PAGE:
Why diversity on boards makes sense

Posted on 15 Jul 2018

By Kylie Cirak, Director of Leadership and Diversity, ICDA

The concept of diversity applies to many factors besides gender, but gender diversity should be the easiest for your board to tackle, given the number of women floating around, so let’s focus on that.

A highly effective board should be representative of the community, or stakeholders, it exists to serve. This makes sense, right? You need people who understand the needs and wants of your organisation’s stakeholders to effectively govern your organisation. Agreed.

I defy anyone to find an organisation or board that doesn’t have any women among its stakeholders.

For a start, women make up 52% of the Australian population and 45.6% of the total labour force.

Eighty percent of purchasing decisions are made by women, which makes the fact there is a real under-representation of women on retail boards all the more mystifying.

Even the AFL, an organisation that has traditionally been thought of as male, now has female leagues and a huge female following. And even before women pulled on footy boots, this bastion of male authority and interest had a 43.1% female TV viewing audience – and we all know how important broadcast rights are to the AFL.

There is no excuse for not having women on your board. And not to is just plain stupid. These statements aren’t opinions, they’re facts, backed by countless studies that have demonstrated that board diversity leads to better organisational performance.

Kylie Cirak
ICDA'S Director of Leadership and Diversity Kylie Cirak

A Catalyst report showed that Fortune 500 companies with more women on their boards performed better financially, on average, than those with fewer or no women.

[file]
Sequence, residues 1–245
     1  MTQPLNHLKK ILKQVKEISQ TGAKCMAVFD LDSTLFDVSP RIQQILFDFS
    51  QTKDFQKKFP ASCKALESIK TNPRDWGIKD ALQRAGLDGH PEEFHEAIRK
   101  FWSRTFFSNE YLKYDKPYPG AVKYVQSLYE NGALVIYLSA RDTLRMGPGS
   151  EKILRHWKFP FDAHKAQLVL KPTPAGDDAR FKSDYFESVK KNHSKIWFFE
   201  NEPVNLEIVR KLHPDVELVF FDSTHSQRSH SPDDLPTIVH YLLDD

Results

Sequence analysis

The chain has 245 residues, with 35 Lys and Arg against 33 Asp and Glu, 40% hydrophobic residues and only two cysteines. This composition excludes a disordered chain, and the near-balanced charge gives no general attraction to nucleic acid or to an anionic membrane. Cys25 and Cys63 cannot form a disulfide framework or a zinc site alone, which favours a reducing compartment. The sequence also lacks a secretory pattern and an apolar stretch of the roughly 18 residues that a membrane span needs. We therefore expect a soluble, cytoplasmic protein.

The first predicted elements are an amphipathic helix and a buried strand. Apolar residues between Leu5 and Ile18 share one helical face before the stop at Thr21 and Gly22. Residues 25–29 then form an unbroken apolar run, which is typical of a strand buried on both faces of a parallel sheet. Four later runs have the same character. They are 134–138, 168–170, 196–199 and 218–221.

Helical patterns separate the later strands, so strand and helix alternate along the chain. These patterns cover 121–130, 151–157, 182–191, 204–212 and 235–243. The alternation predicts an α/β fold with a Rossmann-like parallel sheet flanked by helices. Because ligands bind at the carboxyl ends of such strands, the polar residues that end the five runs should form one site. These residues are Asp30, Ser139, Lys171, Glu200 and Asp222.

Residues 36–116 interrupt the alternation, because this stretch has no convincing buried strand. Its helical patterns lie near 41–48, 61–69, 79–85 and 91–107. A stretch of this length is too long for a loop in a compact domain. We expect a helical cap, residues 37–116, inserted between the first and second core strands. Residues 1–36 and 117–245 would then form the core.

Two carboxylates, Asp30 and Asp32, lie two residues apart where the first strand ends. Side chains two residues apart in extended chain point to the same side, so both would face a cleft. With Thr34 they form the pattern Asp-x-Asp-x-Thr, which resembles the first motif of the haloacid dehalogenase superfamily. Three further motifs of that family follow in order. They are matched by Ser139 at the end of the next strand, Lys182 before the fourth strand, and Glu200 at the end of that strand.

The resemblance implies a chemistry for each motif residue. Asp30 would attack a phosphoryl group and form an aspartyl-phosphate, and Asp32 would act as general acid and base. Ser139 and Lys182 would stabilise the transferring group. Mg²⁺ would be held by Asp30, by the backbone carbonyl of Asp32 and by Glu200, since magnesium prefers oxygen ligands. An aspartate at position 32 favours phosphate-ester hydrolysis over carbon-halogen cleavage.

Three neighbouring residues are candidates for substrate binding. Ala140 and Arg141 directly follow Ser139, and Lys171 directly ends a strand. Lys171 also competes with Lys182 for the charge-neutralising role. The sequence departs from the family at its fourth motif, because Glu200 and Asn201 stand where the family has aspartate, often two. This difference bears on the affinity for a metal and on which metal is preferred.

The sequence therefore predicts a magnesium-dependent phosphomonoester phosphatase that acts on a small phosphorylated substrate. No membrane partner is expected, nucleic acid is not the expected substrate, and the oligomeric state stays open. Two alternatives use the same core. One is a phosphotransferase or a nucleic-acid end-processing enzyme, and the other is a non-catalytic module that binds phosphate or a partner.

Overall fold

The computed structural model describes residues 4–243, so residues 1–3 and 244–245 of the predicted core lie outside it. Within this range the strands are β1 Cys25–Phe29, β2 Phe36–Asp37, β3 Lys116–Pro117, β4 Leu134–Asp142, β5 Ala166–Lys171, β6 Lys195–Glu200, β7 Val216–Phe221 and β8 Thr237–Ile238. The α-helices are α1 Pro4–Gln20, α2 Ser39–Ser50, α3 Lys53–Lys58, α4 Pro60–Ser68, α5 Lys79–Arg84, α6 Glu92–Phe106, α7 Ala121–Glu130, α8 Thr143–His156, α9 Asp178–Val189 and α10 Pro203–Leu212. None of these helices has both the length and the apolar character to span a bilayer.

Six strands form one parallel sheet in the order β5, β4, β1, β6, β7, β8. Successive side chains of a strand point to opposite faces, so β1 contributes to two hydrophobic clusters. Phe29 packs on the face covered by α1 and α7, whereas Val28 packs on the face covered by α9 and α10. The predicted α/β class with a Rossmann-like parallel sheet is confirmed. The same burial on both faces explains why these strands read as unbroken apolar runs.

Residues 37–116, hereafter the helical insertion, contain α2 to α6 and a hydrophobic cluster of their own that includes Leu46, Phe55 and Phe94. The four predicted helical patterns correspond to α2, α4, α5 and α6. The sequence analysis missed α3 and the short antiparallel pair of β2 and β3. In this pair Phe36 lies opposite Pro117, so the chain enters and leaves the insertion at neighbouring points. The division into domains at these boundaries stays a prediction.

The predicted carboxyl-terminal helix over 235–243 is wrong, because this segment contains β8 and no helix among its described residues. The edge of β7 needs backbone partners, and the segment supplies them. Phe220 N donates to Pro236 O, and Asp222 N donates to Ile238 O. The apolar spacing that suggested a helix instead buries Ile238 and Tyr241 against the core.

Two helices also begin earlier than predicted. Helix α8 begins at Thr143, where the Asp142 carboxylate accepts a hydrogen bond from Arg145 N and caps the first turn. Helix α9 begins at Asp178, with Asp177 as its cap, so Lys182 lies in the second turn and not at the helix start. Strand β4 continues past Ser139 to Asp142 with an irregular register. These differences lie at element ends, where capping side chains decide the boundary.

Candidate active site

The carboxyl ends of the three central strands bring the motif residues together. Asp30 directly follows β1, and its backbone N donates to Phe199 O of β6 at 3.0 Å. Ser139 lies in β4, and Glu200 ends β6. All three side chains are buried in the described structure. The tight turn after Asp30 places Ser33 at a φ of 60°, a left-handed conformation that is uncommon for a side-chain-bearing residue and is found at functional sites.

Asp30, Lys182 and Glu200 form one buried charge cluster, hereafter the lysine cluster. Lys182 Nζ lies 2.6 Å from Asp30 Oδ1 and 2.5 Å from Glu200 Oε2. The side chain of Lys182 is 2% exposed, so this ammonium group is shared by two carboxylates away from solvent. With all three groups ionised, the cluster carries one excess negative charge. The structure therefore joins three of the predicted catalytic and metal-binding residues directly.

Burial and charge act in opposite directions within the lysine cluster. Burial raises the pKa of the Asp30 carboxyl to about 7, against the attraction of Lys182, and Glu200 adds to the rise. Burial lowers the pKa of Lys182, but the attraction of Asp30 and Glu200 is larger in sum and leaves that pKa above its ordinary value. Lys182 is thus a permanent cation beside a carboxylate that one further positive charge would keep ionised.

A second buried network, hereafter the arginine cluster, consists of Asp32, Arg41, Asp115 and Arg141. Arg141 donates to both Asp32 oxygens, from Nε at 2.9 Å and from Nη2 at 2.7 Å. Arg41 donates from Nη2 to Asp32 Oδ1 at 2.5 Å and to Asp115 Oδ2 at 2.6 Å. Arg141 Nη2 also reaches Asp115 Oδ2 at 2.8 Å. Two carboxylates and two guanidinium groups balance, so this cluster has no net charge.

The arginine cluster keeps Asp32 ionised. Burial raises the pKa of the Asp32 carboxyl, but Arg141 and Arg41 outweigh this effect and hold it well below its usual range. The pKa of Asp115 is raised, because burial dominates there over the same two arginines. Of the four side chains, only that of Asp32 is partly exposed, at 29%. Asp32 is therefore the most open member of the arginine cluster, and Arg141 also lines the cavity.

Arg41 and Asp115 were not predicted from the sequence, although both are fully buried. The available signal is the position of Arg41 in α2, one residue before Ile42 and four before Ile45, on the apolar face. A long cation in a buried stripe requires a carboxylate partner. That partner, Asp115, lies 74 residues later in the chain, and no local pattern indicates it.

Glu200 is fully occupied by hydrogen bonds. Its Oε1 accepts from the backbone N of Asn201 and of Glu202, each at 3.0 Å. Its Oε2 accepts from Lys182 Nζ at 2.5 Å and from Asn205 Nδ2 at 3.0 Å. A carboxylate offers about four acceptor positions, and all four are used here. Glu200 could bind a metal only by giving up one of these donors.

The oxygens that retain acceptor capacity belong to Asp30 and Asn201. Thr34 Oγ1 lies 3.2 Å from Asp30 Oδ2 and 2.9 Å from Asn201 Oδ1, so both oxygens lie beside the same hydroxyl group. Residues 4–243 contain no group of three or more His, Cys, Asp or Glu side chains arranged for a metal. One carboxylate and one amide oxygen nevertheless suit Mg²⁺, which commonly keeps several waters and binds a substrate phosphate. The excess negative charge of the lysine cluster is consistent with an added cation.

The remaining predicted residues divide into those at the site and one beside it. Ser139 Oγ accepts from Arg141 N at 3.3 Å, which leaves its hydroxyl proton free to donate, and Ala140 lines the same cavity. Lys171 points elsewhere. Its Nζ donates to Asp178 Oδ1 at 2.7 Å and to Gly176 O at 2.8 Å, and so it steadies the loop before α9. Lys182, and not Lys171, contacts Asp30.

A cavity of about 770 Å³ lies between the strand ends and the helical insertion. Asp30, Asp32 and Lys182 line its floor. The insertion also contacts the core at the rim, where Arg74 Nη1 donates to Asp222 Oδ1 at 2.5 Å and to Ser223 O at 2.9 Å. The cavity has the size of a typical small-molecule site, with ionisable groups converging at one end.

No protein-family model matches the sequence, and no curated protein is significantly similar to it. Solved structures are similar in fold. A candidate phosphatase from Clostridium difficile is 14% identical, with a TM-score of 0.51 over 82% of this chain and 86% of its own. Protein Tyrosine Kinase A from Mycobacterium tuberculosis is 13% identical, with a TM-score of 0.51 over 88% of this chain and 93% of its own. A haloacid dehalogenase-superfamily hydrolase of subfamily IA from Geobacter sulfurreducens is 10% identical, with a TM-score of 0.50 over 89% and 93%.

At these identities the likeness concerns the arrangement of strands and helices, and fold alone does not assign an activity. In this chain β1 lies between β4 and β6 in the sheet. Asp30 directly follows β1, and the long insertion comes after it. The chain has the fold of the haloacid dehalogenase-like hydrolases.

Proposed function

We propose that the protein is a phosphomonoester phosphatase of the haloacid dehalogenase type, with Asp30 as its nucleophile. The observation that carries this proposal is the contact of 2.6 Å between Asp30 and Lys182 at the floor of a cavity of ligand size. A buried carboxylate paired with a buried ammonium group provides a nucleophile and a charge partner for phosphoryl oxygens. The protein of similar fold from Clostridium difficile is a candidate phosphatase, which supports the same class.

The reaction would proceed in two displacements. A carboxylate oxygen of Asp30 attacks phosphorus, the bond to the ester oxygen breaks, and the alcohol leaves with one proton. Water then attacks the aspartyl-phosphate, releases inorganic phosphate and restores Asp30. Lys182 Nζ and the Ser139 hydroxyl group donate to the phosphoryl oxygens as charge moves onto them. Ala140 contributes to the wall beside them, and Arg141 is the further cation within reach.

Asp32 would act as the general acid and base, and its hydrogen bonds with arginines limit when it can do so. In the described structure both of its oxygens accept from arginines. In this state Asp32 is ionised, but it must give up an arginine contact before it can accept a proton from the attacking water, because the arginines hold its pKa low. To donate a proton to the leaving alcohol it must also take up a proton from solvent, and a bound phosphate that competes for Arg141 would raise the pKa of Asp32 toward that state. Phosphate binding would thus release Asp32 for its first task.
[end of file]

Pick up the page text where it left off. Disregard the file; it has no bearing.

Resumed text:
Closer to home, a 2011 study found that companies in the ASX500 with women on their boards reported a significantly higher return on equity than those without.

In the United States, Wells Fargo analysts Jeffrey Donnelly and Dori Kesten analysed the gender composition of 165 real estate investment trusts. Looking at data from 2006 to 2017, they found that companies with a greater than average percentage of women on their boards outperformed their competitors on the basis of price return and total return.

Having women on your board leads to smarter decision making. A US study published in the journal Science in 2010 found that while there's little correlation between a group's collective intelligence and the IQs of its individual members, if a group includes more women, its collective intelligence rises.

The finding is not saying that women are smarter than men. It's saying that when there's gender diversity in the group, the collective intelligence of that group increases.

For those who bemoan the fact that they find it soooooo hard to find women for their boards, here are some tips to accelerate change:

Consider quotas. Quotas are a tricky issue. I'd love to be able to say that quotas are unnecessary, but I think they are needed in some areas to bring about real reform – one reason why the government has introduced them.